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OpEdNews Op Eds    H3'ed 4/19/16

Panama Trade Agreement: Was Tax Evasion The Point All Along?

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Reprinted from Campaign For America's Future

Moment of Madness: Panama Papers Reveal Hillary Clinton On The Wrong Side Of History
Moment of Madness: Panama Papers Reveal Hillary Clinton On The Wrong Side Of History
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The Bush administration negotiated the Panama free trade agreement without addressing Panama's bank and corporate secrecy. Panama has little to "trade" with the U.S., so maybe leaving secrecy out of the agreement wasn't an accident; it was the point. It provided a stamp of legitimacy and protections for "investors" moving their money to Panama.

Panama Trade Agreement

The Panama-United States Trade Promotion Agreement, negotiated by the Bush administration, was finalized by the Obama administration and went into effect in 2012. The U.S. Trade Representative (USTR) website promotes the agreement as removing "barriers to U.S. services, including financial services." It removed some duties and tariffs on U.S. exports and phased out others, like agricultural goods and technology products. It provided "protections" for U.S. "investors."

Panama gave up revenue collected on imports. So what did Panama get in exchange? And why did the U.S. really put all that effort into negotiating a special "trade" agreement with one small country?


During the debate over the agreement Sen. Bernie Sanders (I-Vt.) pointed out one problem. He began with this question: "No one can legitimately make the claim that approving this free trade agreement will significantly increase American jobs. Then, why would we be considering a stand-alone free trade agreement with Panama, tiny little country?"

Answering his own question, Sanders went on:

"Well, it turns out that Panama is a world leader when it comes to allowing wealthy Americans and large corporations to evade U.S. taxes by stashing their cash in offshore tax havens. And the Panama free trade agreement will make this bad situation much worse. Each and every year, the wealthiest people in our country and the largest corporations evade about $100 billion in U.S. taxes through abusive and illegal offshore tax havens in Panama and in other countries. So, according to Citizens for Tax Justice -- and I quote -- 'A tax haven' has one of three characteristics: It has no income tax or a very low-rate income tax; it has bank secrecy laws; and it has a history of non-cooperation with other countries on exchanging information about tax matters. Panama has all three of those. ... They're probably the worst."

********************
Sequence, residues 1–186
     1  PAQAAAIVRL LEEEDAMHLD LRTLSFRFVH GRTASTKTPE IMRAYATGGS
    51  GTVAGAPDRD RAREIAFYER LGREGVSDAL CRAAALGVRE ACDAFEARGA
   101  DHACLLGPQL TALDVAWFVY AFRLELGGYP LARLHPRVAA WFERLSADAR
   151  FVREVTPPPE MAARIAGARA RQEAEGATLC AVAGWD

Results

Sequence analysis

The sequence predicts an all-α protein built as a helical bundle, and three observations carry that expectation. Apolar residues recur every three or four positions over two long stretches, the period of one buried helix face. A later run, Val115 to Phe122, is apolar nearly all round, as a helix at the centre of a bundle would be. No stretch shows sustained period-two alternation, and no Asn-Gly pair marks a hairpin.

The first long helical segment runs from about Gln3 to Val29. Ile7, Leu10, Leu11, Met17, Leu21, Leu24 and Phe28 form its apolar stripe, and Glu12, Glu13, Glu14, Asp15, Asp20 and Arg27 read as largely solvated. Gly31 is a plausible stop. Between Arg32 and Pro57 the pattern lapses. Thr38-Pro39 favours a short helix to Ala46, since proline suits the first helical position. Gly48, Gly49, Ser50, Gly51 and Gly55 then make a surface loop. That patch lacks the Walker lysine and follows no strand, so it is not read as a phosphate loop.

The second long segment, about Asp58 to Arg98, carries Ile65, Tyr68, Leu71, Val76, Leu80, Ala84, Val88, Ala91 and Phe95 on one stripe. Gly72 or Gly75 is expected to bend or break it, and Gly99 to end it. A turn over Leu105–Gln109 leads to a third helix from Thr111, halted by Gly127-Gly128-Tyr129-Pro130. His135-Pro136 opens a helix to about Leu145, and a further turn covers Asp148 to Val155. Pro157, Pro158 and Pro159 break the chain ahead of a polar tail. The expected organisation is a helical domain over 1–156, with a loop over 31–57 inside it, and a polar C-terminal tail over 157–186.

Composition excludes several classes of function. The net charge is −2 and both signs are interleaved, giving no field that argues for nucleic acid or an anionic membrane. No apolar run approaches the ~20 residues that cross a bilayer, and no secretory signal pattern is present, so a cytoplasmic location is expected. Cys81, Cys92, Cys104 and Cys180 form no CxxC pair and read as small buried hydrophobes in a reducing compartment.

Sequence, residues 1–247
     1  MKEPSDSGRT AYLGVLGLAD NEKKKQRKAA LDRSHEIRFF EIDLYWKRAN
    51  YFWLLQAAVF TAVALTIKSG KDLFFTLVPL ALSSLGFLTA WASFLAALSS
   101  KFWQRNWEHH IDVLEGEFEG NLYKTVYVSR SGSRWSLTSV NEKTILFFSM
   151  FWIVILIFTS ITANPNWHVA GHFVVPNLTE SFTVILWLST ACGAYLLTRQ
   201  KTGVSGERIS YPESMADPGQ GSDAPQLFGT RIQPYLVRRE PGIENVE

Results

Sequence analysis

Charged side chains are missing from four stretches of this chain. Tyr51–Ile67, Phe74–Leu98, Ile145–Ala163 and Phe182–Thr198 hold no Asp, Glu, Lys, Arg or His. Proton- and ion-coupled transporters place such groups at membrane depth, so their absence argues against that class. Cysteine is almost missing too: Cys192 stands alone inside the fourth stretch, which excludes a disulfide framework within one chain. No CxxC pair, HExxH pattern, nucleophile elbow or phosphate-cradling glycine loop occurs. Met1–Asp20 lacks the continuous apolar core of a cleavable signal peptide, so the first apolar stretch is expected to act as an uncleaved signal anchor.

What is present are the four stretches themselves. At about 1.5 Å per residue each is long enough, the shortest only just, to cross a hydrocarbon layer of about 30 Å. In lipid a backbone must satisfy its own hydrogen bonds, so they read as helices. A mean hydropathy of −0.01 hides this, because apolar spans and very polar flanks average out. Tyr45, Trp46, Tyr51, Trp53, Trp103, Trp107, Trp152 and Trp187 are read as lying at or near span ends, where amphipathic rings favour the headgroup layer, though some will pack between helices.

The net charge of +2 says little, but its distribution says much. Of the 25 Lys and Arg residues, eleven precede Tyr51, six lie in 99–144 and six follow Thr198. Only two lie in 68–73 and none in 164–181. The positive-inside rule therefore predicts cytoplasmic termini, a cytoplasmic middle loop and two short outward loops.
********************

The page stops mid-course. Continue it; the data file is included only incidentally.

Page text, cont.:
Panama had "no income tax or a very low-rate income tax; it has bank secrecy laws; and it has a history of non-cooperation with other countries on exchanging information about tax matters."

Sanders was far from alone with these warnings. At the time Public Citizen wrote of the Panama agreement:

"A long list of labor, consumer, environmental, faith, family-farm and other organizations oppose the Panama FTA because of the agreement's actual NAFTA-replicating terms.

"However, the problems with the notion of a U.S. FTA with Panama extend beyond what is contained in the pact's text. Despite Panama's status as one of the world's top venues for tax evasion and money laundering, the FTA does not remedy Panama's problems with tax evasion and money laundering. In fact, if the Panama FTA were adopted, it would make these matters of bipartisan concern worse."

During the 2012 election, after the agreement went into effect, Public Citizen wrote this about the effects of the agreement:

"...the pact restricts U.S. policies now available to counter tax evasion by U.S. firms and wealthy individuals who move their money to Panama. The pact also empowers firms incorporated in Panama, including offshored U.S. corporations, to use international tribunals to demand U.S. taxpayer compensation over U.S. policies, such as anti-tax-evasion measures, that the firms claim undermine their "reasonable expectations."

With this treaty, people moving money to Panama would be given special protections. The U.S. government would provide its stamp of approval to a country that helps wealthy people and companies in the U.S. and around the world evade taxation and disguise corporate ownership.

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